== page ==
Danish can ban becomes tins in recycling bins

A Danish ban on cans for soft and alcoholic drinks is finally being lifted, with 2,000 new machines preparing to receive cans and plastic bottles in an integrated supermarket recycling scheme. From the 23 of September the Danes will be able to buy cans of beer and soft drinks, paying an additional deposit (incorporated into the price) returnable when the cans are disposed of in any of the recycling machines set up in supermarkets throughout the country.

The scheme is expected to be as successful as those operated in neighbouring countries. Sweden has been using the deposit and return system for cans, glass and plastic bottles for the last five years. After a weekend of partying, the Swedes gather up their empty containers and take a trip to the local supermarket where crushing machines guzzle cans, and plastic and glass bottles travel along mini-conveyor belts to be packed up and returned to the factories for re-use or recycling. With a five to twenty-five pence deposit per receptacle, a full bag of empty cans and bottles can earn you enough to buy the next round.

Sweden has reported consistently high recycling rates under their supermarket system, averaging a 90% recycling rate for aluminium cans. More than 95% of glass bottles and 90% of plastic bottles are recycled annually, with many bottles being re-used first. Hence the Danish Environment Agency’s prediction of a return rate of 90% within the first year, rising to 95% by the end of the second.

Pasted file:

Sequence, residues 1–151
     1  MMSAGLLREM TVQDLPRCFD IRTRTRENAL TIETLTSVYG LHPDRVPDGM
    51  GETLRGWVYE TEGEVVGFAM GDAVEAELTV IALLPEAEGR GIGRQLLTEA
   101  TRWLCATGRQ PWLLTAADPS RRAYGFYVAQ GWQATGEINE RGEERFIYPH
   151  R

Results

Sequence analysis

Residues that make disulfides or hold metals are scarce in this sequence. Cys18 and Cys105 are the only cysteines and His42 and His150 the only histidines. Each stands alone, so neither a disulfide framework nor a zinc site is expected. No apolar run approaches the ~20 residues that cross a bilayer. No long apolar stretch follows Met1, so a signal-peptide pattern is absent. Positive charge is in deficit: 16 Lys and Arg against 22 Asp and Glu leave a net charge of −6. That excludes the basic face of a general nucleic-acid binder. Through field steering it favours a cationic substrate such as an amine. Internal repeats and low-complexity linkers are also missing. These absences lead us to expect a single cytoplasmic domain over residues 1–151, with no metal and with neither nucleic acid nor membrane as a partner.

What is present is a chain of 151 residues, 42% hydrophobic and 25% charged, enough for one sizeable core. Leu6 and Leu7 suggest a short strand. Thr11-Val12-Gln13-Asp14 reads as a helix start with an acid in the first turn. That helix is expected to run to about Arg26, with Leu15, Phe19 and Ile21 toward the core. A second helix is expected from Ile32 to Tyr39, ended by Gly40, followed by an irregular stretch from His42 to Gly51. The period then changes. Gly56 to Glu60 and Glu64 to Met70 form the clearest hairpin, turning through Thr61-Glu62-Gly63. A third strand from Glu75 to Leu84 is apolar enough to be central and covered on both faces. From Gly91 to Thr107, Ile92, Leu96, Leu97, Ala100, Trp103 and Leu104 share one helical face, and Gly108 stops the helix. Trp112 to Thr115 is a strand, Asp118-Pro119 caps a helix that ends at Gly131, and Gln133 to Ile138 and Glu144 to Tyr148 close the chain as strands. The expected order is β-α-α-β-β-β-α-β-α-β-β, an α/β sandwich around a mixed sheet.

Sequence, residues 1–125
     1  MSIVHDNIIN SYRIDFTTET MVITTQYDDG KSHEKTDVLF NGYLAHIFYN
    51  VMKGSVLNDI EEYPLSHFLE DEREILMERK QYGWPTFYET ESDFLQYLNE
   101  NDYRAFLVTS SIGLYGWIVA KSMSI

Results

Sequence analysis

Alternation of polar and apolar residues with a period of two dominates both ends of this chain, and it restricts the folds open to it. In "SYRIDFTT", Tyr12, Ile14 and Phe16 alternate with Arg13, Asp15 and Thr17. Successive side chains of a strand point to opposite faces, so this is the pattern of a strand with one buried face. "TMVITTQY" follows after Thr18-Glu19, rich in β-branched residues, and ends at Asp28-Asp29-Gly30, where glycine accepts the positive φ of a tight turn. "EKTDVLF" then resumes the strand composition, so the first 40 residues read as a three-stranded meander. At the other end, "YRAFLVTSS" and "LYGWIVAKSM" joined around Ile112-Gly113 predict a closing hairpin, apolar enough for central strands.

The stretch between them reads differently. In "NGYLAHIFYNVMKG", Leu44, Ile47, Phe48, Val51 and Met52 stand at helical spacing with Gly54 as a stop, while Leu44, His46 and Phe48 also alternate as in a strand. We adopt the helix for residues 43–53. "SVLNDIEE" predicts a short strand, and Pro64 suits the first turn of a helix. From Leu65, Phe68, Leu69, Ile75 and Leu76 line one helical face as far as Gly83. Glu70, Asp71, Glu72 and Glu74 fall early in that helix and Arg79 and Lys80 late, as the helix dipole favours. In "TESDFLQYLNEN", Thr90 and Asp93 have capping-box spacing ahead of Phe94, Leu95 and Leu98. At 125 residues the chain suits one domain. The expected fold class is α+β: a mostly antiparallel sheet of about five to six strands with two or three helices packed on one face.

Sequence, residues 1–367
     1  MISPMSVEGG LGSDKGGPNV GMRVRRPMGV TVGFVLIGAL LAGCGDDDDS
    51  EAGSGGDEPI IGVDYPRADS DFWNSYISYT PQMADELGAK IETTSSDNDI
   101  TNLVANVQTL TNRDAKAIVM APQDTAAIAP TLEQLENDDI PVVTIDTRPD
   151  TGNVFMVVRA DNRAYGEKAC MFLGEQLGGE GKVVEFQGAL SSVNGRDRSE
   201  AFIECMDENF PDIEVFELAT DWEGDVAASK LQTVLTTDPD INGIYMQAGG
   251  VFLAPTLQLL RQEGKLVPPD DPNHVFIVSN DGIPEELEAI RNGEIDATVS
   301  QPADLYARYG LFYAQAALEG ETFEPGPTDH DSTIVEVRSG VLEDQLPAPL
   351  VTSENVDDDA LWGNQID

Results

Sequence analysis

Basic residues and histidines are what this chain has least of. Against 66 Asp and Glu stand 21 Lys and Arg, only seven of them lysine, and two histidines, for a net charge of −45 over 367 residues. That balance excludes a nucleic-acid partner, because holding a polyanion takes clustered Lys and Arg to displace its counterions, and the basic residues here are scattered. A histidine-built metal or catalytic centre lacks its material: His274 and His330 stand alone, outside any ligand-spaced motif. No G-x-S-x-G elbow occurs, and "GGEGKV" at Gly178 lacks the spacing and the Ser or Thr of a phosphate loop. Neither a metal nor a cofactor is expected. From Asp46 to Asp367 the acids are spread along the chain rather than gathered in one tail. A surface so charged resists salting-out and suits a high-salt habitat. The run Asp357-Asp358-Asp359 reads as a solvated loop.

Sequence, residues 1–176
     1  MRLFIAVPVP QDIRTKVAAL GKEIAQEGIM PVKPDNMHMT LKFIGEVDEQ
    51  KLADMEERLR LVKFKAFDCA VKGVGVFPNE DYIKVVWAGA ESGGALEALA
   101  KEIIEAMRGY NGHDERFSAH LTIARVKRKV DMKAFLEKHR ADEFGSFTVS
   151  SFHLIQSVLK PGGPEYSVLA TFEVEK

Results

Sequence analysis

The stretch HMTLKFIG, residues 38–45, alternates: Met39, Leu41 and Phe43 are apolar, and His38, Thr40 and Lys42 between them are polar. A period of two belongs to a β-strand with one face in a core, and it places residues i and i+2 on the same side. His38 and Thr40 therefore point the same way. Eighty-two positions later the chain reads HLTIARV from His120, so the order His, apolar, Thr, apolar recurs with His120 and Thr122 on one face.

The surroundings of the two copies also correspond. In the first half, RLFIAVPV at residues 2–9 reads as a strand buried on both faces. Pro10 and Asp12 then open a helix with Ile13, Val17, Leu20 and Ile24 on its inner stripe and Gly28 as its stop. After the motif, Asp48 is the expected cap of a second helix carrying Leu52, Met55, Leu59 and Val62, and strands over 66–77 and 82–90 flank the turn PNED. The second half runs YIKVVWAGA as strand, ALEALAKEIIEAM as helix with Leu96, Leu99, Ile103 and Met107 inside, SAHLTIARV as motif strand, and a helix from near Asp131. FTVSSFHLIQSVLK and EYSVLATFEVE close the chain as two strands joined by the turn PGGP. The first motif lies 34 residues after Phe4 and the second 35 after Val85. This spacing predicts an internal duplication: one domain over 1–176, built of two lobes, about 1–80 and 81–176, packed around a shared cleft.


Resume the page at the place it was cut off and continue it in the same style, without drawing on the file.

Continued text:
The Danes’ previous reluctance to allow cans into their country stems partly from their unique approach to packaging. While most countries are happy to sell it and recycle it, the Danish prefer to re-use packaging as much as possible. While glass and hard plastic bottles can feasibly be refilled, cans and soft bottles do not offer this option, hence the Danish stance against non-refillable bottles and cans.

In 1998 the country defended its position against European Commission accusations that the ban did not comply with the EU Packaging Directive. The Danes argued that their system was the most environmentally friendly. But the Swedish model appears to have caught on, and the country will hopefully be matching its cousin’s success in years to come.

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